Wednesday, April 10, 2013

Who is Lucifer?

Prideful Lucifer
Lucifer, morning star, son of the dawn, is an important figure in Christian mythos. Lucifer is one of the archangels. But unlike his holy brethren, Gabriel, Michael, and Raphael, Lucifer became enamored with his own glory and succumbed to Pride, the deadliest of the 7 deadly sins. For his crime against God, he was cast from heaven and became known ever after as Satan, the devil.

It's a fascinating story. But, like so much of Christian belief, I can't accept it as literal. If there is truth to be had, as far as I'm concerned, it is by examining the story as metaphor.

But I put the question to a good friend of mine, a practicing Christian and a man of considerable intellect. "Is Lucifer a personality?"

His reply: "I'm agnostic on that."

"What about your church?" I asked.

"I think they're agnostic on that, too."

An honest, if dissatisfying answer.

South side of Saint Stephen's Catholic, up on 41st
I've known people who believed that Satan is an actual personality, the chief of the Bad Guys. I've known people who lived in fear of such a being. I've known people who claimed to worship such an entity, too. (There was a young woman who lived a few doors down, when I was renting an apartment in Cedar Mill. She had a necklace with a medallion on which was emblazoned a red pentagram. She was a nice enough woman. She seemed lonely.)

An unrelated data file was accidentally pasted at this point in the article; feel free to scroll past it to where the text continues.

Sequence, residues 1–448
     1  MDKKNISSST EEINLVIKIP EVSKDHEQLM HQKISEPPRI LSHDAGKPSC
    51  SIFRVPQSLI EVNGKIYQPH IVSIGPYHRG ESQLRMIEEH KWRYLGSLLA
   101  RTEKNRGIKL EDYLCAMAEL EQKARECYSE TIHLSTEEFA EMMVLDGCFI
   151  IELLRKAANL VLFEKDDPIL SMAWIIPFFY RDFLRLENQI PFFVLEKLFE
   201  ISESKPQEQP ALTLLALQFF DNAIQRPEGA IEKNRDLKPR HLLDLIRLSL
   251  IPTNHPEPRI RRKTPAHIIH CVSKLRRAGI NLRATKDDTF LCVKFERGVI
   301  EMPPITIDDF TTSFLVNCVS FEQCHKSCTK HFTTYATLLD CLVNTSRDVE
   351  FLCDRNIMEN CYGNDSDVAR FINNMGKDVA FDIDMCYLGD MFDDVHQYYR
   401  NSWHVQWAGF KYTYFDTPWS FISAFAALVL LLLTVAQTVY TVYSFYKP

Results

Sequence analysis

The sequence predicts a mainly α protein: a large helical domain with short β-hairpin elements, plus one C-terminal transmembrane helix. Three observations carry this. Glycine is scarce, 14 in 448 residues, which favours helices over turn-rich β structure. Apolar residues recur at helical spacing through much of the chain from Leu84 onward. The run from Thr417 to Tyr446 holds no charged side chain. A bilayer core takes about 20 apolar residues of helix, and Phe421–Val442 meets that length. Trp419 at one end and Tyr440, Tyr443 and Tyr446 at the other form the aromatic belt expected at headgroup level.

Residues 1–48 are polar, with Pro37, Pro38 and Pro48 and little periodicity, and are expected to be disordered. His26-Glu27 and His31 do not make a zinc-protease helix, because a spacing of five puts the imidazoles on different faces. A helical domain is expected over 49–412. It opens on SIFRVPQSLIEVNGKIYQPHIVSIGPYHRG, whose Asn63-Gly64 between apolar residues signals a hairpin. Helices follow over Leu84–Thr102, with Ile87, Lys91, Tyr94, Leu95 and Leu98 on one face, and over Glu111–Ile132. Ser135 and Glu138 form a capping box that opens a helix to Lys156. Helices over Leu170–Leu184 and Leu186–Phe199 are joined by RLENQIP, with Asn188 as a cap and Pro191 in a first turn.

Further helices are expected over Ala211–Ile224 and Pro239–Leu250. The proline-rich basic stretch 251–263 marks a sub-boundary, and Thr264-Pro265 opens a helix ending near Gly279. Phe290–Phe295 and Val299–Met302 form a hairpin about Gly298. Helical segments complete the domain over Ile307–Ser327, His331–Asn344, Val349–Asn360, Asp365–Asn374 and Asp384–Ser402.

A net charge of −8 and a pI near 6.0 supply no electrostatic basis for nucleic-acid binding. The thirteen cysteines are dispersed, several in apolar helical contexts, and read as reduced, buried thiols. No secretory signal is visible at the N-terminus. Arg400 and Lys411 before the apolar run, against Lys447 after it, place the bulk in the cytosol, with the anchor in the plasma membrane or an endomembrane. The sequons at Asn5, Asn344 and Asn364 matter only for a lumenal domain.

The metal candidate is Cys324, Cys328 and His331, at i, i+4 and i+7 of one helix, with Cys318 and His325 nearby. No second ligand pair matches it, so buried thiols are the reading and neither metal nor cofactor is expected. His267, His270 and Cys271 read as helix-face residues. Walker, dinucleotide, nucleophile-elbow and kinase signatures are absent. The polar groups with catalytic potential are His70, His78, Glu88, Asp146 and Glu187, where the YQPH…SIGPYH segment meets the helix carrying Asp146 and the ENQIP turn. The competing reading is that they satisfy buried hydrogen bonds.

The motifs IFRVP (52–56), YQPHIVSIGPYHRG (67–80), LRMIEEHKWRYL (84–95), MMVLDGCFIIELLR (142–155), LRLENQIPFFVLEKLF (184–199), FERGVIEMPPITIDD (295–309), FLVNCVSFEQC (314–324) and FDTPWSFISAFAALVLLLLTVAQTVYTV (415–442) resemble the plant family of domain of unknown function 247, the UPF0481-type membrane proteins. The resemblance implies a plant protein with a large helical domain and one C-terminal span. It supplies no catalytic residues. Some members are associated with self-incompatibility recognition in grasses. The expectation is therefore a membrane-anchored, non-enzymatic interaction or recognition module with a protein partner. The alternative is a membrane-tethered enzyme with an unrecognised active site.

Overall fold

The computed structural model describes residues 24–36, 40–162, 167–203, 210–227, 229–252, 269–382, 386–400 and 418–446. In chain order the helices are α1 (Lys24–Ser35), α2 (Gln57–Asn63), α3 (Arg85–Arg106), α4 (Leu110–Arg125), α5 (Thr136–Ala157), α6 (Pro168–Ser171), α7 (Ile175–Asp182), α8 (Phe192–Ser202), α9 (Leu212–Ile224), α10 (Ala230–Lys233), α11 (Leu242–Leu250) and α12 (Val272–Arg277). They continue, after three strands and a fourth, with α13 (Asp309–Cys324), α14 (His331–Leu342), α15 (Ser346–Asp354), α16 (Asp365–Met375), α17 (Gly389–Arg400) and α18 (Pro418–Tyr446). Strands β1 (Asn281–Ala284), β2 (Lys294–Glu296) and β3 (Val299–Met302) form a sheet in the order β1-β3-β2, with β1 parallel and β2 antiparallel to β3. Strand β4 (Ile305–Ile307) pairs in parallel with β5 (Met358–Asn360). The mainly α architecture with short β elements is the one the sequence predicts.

But in my reality, Lucifer is a metaphor for the evil that exists in all of us: our propensity toward self-infatuation, our lust for power, our malignant indifference toward everything that is not us.

Christians, please weigh in! Muslims, as well! Is there an actual devil? A living personification of evil? Or is it something different?

Odd synchronicity: I thought about the devil all the way up Mount Tabor this afternoon. On the way home, I stopped in at Fred Meyer to pick up a rose for Maty and some kalamata olives. When the cashier rang me up, she glanced at the receipt as she handed it to me.  "Oh, look at that!" she said. "Must be your lucky day!"

I examined the receipt. Single red rose: $1.99. Kalamata olives: $4.67. Grand total: $6.66.

"That's interesting," I thought.

1 comment:

Dan Binmore said...

In the ancient world the serpent was a symbol of wisdom. Lucifer's crime against God was disagreeing with God, having his own opinion. The temptation of Adam was the temptation of knowledge. Lucifer is the great evil of knowledge and independent thought for the #1 demand of God is obedience. This is best demonstrated in Islam, which means submission.